Guyer settled $400,000 in Durham debts for just $35,000

December 31, 2015
The finances of Indianapolis doctor Dale Guyer are in such a poor state that a bankruptcy trustee early this year agreed to accept a mere $35,000 from him to settle more than $400,000 in debts owed to affiliates of convicted Ponzi schemer Tim Durham.

Court records say that Guyer—who was thrust into the headlines this week after an Al Jazeera report suggested his Indianapolis anti-aging clinic, The Guyer Institute, provided human growth hormone to Peyton Manning—befriended Durham after meeting him in 2000 and by 2003 was relying on him for financial support.
The money went to a variety of purposes, including purchasing medical equipment and paying off bank debts. Durham provided “infusions” in piecemeal fashion through “handshake deals” that were eventually memorialized in writing but not repaid, according to the bankruptcy trustee for Fair Finance Co., the Durham company whose collapse in 2009 cost more than 5,000 Ohio investors $200 million.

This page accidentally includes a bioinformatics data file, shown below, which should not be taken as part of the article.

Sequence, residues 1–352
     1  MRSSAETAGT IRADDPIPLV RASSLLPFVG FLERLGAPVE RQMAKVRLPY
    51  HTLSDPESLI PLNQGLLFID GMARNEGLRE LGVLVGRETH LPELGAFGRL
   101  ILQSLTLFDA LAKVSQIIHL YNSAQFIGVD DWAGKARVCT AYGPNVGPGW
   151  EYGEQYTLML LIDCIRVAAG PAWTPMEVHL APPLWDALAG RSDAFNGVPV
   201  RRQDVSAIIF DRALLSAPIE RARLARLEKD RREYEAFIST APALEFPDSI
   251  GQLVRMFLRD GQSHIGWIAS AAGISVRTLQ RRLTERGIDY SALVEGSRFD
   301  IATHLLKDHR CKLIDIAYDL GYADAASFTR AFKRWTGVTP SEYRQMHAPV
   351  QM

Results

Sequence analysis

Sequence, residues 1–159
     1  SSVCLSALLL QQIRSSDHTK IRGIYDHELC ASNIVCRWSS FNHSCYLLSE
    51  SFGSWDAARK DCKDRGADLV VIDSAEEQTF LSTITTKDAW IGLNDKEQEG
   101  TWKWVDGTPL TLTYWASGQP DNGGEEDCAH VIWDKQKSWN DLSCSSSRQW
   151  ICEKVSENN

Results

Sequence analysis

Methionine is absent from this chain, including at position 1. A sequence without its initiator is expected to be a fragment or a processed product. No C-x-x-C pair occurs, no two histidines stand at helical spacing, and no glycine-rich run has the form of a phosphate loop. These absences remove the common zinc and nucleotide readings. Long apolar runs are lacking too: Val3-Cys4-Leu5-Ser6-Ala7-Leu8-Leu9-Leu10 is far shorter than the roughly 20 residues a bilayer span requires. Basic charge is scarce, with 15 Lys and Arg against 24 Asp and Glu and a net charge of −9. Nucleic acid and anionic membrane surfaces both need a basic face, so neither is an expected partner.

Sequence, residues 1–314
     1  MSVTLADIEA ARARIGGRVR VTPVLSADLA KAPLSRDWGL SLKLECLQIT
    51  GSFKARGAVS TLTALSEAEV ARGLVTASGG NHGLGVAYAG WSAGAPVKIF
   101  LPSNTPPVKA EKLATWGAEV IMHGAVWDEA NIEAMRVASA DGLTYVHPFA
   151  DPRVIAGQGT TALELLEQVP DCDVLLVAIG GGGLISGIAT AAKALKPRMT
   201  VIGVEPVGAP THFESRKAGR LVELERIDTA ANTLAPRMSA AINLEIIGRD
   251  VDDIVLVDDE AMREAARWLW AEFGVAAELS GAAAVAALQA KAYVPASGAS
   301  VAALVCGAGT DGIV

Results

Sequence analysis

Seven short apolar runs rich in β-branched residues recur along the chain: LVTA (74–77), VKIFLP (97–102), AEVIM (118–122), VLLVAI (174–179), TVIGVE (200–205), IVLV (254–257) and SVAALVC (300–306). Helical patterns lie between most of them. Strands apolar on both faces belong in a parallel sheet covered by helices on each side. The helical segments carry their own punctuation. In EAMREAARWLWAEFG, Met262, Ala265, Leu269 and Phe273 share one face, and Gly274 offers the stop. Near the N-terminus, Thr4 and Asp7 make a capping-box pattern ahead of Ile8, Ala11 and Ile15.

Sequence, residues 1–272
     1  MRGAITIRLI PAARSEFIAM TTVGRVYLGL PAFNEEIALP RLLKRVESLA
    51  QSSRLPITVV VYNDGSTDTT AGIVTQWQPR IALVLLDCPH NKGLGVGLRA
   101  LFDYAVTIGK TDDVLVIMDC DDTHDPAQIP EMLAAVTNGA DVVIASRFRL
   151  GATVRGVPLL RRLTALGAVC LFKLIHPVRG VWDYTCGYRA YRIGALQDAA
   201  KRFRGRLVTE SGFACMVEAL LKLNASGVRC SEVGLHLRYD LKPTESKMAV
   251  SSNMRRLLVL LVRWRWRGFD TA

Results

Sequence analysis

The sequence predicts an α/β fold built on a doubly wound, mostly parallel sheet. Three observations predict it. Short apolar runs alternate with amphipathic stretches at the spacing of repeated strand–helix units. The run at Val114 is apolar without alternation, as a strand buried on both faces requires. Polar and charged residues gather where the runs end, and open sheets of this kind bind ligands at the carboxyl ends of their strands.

Durham, who is serving a 50-year prison sentence, drained tens of millions from Fair to support his lavish lifestyle, prop up his other failing businesses and for other purposes. Investigators alleged recipients of Fair loans that went unpaid included a diverse group of Durham friends, including Guyer, the rapper Ludacris, former Playboy playmate Jamie Ferrell and former O.J. Simpson confidant Kato Kaelin.

Fair’s bankruptcy trustee, Brian Bash, sued Guyer in June 2014 after collection efforts failed. In January, Bash agreed to accept just $35,000, court records show, which Guyer is scheduled to pay in installments through June 2016.

Bash said in court documents he agreed to the deal because he had reviewed Guyer’s personal financial statements, which indicated he lacked the ability to pay the full amount.

In addition, he said, pressing forward with the lawsuit would have involved “significant fees and costs,” in part because Guyer was asserting he previously repaid the debts. While Bash contended that was not correct, proving so would have made trying the case more complex.

“The trustee … believes the uncertainties and risks inherent in taking this matter to trial counsel in favor of settlement, particularly when considering the modest size of the recovery should the trustee prevail,” attorneys for Bash said in a court filing.
Guyer and his Guyer Institute on 86th Street have been the subject of intense media coverage since last Saturday, when an Al Jazeera report suggested Manning in 2011 received HGH that was mailed by The Guyer Institute to his wife, Ashley.

Manning has angrily denied the allegations.

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